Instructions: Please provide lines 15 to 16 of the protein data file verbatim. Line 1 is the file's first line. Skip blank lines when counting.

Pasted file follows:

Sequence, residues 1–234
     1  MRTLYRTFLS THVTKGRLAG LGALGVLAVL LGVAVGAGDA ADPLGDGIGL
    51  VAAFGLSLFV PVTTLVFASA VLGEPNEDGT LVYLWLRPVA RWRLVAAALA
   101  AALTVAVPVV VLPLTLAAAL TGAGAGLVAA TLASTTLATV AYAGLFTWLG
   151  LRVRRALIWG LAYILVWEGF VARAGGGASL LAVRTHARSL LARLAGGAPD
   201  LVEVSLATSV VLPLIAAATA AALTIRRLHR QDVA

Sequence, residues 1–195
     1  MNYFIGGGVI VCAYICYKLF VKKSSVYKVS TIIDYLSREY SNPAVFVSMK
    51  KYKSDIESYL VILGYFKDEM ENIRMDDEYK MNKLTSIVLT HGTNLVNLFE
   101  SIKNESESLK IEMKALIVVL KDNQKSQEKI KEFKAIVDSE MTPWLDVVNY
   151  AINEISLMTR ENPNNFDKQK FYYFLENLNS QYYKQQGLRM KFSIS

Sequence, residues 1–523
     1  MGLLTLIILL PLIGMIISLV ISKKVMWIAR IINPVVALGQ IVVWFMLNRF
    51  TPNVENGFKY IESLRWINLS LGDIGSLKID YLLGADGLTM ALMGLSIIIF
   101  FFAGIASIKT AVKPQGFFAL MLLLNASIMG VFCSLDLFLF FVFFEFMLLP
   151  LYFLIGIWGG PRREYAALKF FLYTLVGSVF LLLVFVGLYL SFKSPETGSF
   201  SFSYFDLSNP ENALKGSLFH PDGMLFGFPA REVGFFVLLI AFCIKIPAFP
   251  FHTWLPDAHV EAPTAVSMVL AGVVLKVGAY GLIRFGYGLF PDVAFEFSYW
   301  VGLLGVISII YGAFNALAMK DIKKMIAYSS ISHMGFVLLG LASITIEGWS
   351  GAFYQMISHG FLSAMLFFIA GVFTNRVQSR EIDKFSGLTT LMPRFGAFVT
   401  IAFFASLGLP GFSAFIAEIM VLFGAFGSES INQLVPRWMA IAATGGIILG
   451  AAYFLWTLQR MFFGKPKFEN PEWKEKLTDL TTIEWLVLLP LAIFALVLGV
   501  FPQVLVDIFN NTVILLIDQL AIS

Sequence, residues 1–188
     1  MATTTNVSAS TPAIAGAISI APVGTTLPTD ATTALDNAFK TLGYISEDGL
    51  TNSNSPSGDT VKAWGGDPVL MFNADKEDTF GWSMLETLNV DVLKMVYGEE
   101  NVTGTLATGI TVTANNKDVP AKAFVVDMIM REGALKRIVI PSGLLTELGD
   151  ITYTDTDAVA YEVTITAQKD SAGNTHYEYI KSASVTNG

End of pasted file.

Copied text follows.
   101  FFAGIASIKT AVKPQGFFAL MLLLNASIMG VFCSLDLFLF FVFFEFMLLP
   151  LYFLIGIWGG PRREYAALKF FLYTLVGSVF LLLVFVGLYL SFKSPETGSF